In between various phone interviews where I explained my methodologies as a User Experience Designer, I had the opportunity to speak with Sonny Thomas, Founder of the Springboro Tea Party and one of the local celebrities in the education debate. What I found most interesting about abruptly switching gears between a UX Designer and a Civic Designer is the image that people have in their minds which stand in place of the real you.
The difference between perception and reality became clear when we started talking about his unveiling of the Confederate flag, which was picked up by the media and spread as far as the Huffington Post. Truth be told, I was amazed at how much publicity he received, and to be honest, a little jealous. I struggled for weeks to find the flag that I could wrap myself in which would bring home the image of a people powered government. But alas, the flag of Iceland doesn’t have the same impact as the image of the Confederate South.
While talking with Sonny I discovered the flip side of reality, that each of us interpreted his actions through our own particular lens. We stitched together the facts in such a way that told a particular story. We do this in every aspect of our lives, picking the pieces of Tesla which make for an Anti-Corporate Icon, and leave out the bits about Eugenics and his transmissions from Mars. It’s how we look at the Constitution through the lens of Christianity, and how the Founder’s became icons of Personal Liberty. It’s what’s called a simulacrum, or an image of someone or something that tells us more about its creator than the actual thing it represents.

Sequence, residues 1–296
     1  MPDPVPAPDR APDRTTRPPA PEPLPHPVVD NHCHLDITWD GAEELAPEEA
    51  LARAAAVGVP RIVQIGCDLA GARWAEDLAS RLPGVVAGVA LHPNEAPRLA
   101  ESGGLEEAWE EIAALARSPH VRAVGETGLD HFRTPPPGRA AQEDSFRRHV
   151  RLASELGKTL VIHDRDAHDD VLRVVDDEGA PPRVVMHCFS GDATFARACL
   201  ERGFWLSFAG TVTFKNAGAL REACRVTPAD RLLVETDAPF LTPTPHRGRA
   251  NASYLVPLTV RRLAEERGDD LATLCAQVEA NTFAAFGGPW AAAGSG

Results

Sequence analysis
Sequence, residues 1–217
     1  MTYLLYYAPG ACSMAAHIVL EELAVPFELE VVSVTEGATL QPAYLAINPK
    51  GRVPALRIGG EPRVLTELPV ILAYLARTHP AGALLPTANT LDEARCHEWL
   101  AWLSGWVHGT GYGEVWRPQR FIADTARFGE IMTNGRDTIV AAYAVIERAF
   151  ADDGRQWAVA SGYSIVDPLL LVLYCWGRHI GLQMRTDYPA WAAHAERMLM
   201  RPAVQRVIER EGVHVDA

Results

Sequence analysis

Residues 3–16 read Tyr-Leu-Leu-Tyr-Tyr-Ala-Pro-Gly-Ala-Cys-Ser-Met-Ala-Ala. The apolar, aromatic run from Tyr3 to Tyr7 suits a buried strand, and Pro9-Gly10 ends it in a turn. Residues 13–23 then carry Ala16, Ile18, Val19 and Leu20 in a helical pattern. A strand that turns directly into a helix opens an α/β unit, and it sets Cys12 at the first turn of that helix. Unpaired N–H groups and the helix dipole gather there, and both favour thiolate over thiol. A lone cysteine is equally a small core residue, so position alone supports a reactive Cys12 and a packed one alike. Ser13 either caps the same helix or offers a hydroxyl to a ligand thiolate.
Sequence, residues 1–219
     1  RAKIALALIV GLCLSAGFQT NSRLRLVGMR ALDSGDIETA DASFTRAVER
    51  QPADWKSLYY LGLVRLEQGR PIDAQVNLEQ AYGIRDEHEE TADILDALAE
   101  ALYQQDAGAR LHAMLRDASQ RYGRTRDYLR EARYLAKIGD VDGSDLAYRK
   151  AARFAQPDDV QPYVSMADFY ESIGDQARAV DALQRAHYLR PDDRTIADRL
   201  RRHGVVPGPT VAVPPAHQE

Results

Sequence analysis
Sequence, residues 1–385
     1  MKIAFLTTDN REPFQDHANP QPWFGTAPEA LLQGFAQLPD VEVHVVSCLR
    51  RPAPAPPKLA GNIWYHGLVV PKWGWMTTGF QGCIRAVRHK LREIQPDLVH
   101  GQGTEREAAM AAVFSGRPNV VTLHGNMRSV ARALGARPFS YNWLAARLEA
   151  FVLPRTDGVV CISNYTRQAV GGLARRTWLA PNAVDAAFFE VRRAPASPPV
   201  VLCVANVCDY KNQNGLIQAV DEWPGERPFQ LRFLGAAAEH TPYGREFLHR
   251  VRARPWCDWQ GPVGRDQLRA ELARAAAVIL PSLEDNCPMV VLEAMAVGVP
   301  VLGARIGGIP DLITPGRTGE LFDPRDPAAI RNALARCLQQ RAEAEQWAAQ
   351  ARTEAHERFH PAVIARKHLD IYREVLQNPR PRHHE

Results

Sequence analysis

Throughout our conversation I repeated that I was likely to say something he would disagree with, as he has said a number of things that I wouldn’t necessarily agree with right off the bat. What I never got around to explaining was that isn’t my goal to agree or disagree with one side or the other in the education debate. I find it fascinating to have the opportunity to speak with so many competing perspectives, but my ultimate goal is to find a way to put the people back in power, just like they did in Iceland. (See what I mean? Poor Iceland.)
What’s missing in the Icelandic example is it’s cultural relevance (or lack thereof). When the Confederate flag is drawn we immediately connect it to the Civil War and the divisions between the North and the South. The flag is a very powerful image which Sonny discovered can overshadow whatever point you’re trying to make. Iceland, on the other hand, inspires next no one to think of crowdsourcing our Constitution. This is because Iceland represents something very different to us, a cold and barren wasteland as opposed to a step in the evolution of our Democracy.
Unfortunately my conversation with Sonny Thomas was cut short by another recruiter demanding that I switch back to my UX gear. But between you and me, it isn’t difficult to flip back and forth between Civic Design and User Experience Design, as we are all users of the Democratic process. The challenge is to discover relevant examples in order to paint a picture — or a simulacrum if you will — of a people powered government in charge of Springboro Schools. Not a contentious battle over bureaucracy, but a 21st century platform on which to build our community.
So what am I missing? Where can I find an example of people-powered Government in Springboro?